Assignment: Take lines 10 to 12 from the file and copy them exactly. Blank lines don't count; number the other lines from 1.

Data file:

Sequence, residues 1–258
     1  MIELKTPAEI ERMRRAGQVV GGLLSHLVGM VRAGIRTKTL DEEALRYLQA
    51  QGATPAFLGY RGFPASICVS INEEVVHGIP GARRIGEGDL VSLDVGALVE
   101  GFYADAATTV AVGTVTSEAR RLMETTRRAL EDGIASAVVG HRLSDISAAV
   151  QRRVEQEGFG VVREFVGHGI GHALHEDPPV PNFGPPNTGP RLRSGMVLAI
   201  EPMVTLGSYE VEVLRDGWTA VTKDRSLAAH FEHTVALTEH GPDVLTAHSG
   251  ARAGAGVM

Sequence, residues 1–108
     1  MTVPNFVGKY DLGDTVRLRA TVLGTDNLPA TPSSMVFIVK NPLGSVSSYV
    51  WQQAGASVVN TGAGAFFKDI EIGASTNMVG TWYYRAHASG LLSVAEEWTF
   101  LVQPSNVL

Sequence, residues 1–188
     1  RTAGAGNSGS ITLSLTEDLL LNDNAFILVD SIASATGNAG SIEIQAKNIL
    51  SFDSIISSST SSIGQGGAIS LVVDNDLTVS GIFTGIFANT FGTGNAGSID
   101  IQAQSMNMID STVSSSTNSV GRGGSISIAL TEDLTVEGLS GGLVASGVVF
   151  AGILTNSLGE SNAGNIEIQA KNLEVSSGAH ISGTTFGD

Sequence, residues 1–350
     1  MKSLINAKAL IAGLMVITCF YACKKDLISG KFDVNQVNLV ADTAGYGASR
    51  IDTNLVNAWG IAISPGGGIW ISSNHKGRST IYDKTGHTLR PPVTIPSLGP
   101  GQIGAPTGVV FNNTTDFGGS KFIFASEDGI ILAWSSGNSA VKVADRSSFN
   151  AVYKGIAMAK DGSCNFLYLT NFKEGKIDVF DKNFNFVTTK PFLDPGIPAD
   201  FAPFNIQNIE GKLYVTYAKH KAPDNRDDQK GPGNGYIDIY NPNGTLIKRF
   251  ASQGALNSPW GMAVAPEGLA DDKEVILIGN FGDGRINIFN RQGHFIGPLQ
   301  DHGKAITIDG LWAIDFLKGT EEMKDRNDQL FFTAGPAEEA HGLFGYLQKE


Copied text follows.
    51  WQQAGASVVN TGAGAFFKDI EIGASTNMVG TWYYRAHASG LLSVAEEWTF
   101  LVQPSNVL

Sequence, residues 1–188